Eleven unforgettable women grapple with hostile reality in a collection that sparkles with humor, empathy, and depth.

The women featured in these stories have one thing in common: They’re having a terrible day.

There’s the housewife so entranced by the pristine order of her neighbors’ belongings that she can’t stop herself from breaking into their home. There’s the mother easing her young son through the trauma of a murder, suddenly confronted with the reappearance of his father. There’s the vulnerable middle-aged woman stuck in a coffee-chain job alongside snooty college kids, the talent manager supervising a corral of misguided young stars, and the spiky-haired artist who literally dumps her slacker fiancé – from a moving car – and moves angrily through Vegas, hitting the bars and casinos before engaging in an ill-advised fling with a sleazy player named Ramon.

Janice Shapiro has created a cast of utterly distinct outsiders, yet her earthly warmth and asymmetrical humor so suffuse the stories that they surge with a collective voice, and the reader’s experience is that of getting to know a group of close-knit but independent friends. Shapiro’s gift for pitch-perfect dialogue – along with her instinctual ease in writing about such fraught topics as commercial sex, death, and the everyday tragedies of growing older – makes her voice one to be relished: tough-minded, sardonic, intimate, and free.


“Shapiro’s writing is crisp, refreshing and affecting—highly recommended.”
Kirkus (starred review)

“The breath of life flows through every one of Janice Shapiro’s wonderful stories, and you can feel the heart beating very close to the surface. BUMMER is terrifically smart, with a kind of comic energy that can swerve at any moment into eloquent brokenheartedness. I loved this book”
–Charles Baxter, author of The Feast of Love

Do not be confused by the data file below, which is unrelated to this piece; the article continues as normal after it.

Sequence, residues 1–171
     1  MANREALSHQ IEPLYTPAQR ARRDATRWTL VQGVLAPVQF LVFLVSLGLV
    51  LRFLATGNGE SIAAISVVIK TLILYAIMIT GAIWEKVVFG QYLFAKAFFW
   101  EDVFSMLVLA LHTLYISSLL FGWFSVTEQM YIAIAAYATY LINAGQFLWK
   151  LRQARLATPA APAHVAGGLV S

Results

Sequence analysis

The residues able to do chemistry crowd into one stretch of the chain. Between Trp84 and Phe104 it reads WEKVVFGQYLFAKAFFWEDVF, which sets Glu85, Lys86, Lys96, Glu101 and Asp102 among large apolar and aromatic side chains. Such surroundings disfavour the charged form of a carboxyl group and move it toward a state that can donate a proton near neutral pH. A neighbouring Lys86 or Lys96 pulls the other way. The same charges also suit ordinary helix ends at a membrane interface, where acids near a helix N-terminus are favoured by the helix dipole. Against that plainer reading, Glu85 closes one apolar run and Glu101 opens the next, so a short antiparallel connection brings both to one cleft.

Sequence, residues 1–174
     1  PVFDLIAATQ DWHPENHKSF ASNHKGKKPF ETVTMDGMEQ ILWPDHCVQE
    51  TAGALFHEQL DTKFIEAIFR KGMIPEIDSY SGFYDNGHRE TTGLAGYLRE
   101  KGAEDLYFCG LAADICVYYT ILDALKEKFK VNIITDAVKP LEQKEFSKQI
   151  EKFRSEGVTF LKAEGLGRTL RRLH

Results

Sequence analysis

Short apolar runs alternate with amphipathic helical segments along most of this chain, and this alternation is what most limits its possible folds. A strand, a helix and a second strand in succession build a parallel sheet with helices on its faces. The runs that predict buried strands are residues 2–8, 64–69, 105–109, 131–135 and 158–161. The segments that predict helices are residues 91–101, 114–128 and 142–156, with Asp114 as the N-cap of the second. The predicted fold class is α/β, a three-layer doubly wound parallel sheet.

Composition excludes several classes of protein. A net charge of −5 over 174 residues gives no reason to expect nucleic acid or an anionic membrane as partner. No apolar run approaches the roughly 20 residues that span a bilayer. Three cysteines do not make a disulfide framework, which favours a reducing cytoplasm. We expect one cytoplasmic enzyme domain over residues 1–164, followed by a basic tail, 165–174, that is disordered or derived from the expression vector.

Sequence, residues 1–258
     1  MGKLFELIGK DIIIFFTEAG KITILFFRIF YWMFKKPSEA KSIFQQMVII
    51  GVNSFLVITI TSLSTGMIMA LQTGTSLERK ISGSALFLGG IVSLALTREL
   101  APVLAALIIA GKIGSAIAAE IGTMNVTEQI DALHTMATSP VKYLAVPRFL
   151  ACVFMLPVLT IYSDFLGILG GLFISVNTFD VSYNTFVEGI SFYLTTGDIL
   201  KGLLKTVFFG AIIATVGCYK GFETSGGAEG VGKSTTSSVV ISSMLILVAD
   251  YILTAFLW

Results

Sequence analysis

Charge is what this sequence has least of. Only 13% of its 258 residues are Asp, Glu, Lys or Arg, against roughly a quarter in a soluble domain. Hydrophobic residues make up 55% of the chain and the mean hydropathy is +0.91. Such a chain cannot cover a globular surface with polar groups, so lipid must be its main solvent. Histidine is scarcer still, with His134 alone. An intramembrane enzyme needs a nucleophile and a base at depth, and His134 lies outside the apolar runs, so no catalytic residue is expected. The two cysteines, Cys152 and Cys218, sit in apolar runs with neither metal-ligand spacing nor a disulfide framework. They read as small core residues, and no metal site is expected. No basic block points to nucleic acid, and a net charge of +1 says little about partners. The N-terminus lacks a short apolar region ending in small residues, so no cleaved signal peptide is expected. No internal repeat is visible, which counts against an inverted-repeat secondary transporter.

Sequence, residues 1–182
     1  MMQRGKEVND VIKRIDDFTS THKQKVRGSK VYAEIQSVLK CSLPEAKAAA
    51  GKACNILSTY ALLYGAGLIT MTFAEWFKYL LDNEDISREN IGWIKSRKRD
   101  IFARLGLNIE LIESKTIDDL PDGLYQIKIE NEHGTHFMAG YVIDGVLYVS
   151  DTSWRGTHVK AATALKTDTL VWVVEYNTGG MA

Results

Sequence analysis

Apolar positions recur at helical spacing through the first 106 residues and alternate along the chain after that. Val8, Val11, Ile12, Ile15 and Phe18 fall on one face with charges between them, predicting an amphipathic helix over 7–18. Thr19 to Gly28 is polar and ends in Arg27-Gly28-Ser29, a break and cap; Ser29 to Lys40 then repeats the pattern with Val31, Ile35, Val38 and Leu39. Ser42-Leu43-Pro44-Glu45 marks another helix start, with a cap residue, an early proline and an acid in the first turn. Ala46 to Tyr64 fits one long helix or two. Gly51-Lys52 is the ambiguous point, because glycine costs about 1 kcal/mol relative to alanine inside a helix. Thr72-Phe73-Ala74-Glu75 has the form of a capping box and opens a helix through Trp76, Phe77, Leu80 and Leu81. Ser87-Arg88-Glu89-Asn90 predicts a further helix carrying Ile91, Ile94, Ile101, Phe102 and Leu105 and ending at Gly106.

“BUMMER is an exciting collection by a writer with an engaging and distinctive voice. Janice Shapiro’s stories are darkly funny, sexy and very smart.”
— Tom Perrotta, author of The Abstinence Teacher, Little Children, Election

“Janice Shapiro’s beautifully interwoven story collection, BUMMER, is about the drive to always locate satisfaction the next precinct over. This drive is often phrased as sex, or desire, or romance, the yearning for the other, but to me all this sex talk is just a metaphor for the larger human hunger for “meaning,” satisfaction, fulfillment, peace, contentment – which aren’t going to arrive, not in your or my lifetimes. This amazingly gutsy, fully voiced book bears comparison with the best work of Antonya Nelson, Mary Gaitskill, Lydia Davis, Amy Hempel and Lorrie Moore.”
— David Shields, author of Reality Hunger, The Thing About Life Is One Day You’ll Be Dead, Dead Languages

Janice Shapiro’s BUMMER is bold, brave, and bitingly clever. Defying stereotypes and easy characterizations, Shapiro’s female characters are sharp, intelligent, rebellious, bighearted, stubborn, independent, and emotionally fraught all at one. Shapiro’s keen ear for dialogue and her deep and appealing humor make this collection an undeniable pleasure to read.
–Victoria Patterson, author of Drift

“Janice Shapiro writes at both an ironic, hilarious remove and with deep empathy for her characters. Droll yet sincere, funny yet pleasurably painful, the stories in BUMMER let us feel we’re in on it all: the sad joke of existence, and the pathos too. Shapiro’s stories deliver smart weirdos and self-consciously extraordinary women, men and children with angst aplenty. They exist as both curiosities and happy, articulate, funny personifiers of the symptoms of an epidemic of humanity. Women break into neighbor’s houses, love dying men, kiss special ed students. They struggle against their real if often goofy oppression, with Shapiro always winking and nodding in our direction. She asks us big questions — funny, punk, smart and sexy. Readers will laugh, tremble, shake with recognition, then look up from this remarkable collection to make sure nobody has seen them react. They’ll re-read to make sure they’ve understood and then, like me, start over from the beginning for more of the delight of Shapiro’s asking.”
–Andrew Tonkovich, Editor, Santa Monica Review